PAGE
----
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HOW TO FIT A FAIREY OVERDRIVE TO YOUR SERIES LAND ROVER

HOW TO FIT A FAIREY OVERDRIVE TO YOUR SERIES LAND ROVER

by Mark Dixon, 5th May 2016

How to

Fitting this period accessory makes a Series vehicle even more enjoyable to drive. Mark Dixon shows how.

An overdrive is one of the biggest improvements you can make to a Series Land Rover, raising its cruising speed and making it more relaxed to drive. Both those factors will improve your safety on the road, too, as anyone who has had a heavy lorry breathing down their neck as they grind along in an elderly Landy will well understand.

By far the most common overdrive unit is the one made by Fairey. Introduced in 1975, it was adopted by Land Rover as an official accessory and became very popular. Fairey Winches was taken over in the 1980s by US company Superwinch, which continued to make them for a while, but they’re no longer available new.

Secondhand units are in big demand and typically sell for between £450 and £550 on the open market. The good news is that the Fairey overdrive will fit Series Land Rovers from  I to III, and it’s pretty reliable. The downside is that it will wear rapidly when owners neglect to check the oil level in its tiny sump… and new parts can be hard to find.

A worn unit whines loudly, so it’s best to buy from someone whose word you can trust; even better is to listen to the unit in operation before it’s removed from a vehicle. The Fairey overdrive is effectively a separate gearbox, with a lever in the cab that you push forward to engage, and pull back to disengage, while depressing the clutch. While it will work in any gear, you’re not advised to use it with first or second due to the torque involved.

The unit bolts onto the back of the transfer box, much like a PTO – which means you can’t have both on your Landy – and is quite easy to fit, requiring nothing more complicated than basic hand tools. The only tricky part is removing and reinstalling a special nut on the gearbox mainshaft, as explained in the picture captions.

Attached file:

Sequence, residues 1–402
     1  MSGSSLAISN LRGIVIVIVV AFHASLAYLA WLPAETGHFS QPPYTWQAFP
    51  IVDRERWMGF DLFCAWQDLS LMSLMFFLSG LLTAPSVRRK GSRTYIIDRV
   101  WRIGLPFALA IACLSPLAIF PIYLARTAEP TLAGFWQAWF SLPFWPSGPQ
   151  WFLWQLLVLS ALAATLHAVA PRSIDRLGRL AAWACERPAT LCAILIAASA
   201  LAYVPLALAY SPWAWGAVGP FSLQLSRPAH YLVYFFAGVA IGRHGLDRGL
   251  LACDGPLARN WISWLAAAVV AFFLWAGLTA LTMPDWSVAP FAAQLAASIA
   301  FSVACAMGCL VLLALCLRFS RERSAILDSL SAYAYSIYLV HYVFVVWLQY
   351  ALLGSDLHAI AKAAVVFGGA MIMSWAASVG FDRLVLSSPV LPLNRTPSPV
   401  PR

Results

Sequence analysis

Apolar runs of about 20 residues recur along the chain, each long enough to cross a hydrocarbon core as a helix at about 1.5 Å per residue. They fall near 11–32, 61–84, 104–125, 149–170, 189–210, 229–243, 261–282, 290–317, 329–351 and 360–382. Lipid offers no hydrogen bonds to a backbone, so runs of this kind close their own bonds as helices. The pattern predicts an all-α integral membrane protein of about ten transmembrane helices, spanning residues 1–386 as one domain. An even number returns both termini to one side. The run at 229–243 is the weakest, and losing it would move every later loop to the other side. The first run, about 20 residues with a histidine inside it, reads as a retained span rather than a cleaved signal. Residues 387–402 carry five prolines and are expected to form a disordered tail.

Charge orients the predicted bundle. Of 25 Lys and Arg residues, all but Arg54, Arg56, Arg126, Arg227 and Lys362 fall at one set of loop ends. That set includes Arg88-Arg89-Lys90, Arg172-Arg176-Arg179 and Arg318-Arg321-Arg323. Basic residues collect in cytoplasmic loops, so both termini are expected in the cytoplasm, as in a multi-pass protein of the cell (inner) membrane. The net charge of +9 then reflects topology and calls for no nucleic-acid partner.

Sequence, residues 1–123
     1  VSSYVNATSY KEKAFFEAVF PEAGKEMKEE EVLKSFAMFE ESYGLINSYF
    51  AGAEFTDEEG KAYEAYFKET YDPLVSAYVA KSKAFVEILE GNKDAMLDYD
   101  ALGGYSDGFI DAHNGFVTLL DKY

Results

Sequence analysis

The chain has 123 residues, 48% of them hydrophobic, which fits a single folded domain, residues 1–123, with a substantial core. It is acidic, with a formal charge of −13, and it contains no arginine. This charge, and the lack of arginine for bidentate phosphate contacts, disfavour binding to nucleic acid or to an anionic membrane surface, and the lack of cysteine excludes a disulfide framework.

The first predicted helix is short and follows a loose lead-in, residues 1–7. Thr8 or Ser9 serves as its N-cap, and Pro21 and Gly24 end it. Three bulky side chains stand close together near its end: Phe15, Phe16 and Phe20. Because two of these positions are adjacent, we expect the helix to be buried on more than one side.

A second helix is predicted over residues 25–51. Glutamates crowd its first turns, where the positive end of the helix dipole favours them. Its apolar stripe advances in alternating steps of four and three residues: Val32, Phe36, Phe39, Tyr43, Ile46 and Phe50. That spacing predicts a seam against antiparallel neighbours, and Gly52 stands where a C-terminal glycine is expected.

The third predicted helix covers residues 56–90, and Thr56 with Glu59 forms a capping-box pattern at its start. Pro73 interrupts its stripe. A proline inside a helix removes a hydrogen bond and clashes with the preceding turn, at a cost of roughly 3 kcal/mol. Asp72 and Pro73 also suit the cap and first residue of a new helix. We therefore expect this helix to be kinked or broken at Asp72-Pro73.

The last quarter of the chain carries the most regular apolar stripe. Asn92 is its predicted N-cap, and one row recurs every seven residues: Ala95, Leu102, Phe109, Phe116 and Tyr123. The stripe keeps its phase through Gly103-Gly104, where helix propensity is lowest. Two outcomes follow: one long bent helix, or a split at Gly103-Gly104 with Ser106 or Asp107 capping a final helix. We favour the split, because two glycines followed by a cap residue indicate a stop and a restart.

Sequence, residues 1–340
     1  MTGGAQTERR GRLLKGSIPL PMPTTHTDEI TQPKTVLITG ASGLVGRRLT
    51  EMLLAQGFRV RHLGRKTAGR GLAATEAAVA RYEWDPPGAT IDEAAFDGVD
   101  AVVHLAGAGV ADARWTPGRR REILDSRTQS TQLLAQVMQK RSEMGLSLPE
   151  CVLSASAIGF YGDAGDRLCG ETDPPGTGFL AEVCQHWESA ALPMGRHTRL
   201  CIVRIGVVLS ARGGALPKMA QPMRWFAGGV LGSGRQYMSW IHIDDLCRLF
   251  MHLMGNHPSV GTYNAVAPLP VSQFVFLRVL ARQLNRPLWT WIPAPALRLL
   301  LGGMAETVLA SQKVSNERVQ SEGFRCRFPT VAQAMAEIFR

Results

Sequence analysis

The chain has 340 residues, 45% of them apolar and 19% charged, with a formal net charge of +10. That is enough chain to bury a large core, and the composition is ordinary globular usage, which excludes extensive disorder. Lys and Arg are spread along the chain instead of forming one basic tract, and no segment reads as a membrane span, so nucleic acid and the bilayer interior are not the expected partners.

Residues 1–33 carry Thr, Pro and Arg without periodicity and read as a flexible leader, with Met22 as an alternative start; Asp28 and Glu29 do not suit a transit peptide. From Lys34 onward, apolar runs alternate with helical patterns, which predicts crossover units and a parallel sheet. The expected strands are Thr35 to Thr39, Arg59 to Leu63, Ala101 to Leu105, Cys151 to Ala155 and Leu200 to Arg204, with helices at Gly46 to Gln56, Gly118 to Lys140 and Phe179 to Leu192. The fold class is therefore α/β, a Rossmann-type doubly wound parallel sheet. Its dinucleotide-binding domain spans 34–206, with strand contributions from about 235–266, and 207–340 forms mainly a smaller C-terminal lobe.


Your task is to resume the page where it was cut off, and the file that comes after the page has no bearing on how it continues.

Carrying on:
Of course, adding an overdrive involves some compromise to originality for anything earlier than a late-model Series III, but the Fairey unit has become a period accessory in its own right and will generally increase rather than detract from a vehicle’s value.

More importantly, it will make your Landy nicer to drive – and that means you will probably use it more. Which has to be a good thing.

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STEP 1
STEP 1

When I bought my Series I 107 at auction last May, I knew that an overdrive would be high up on my list of improvements. It’s a 1955 example with a 2-litre petrol engine that has probably never had a major overhaul, and an overdrive woul...

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STEP 2
STEP 2

Start by removing the seat cushions and unscrewing the centre panel from the top of the seat box to expose the transmission.

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STEP 3
STEP 3

You’ll now be able to access the transfer box on the back of the gearbox, which sends drive to front and rear axles.

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STEP 4
STEP 4

To find the right position for the overdrive lever pivot, start by marking a point 108 mm above the end of the floorpan…

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STEP 5
STEP 5

…and then 54 mm towards the front bulkhead. This will provide a datum point from which to plot the exact spot for the pivot hole.

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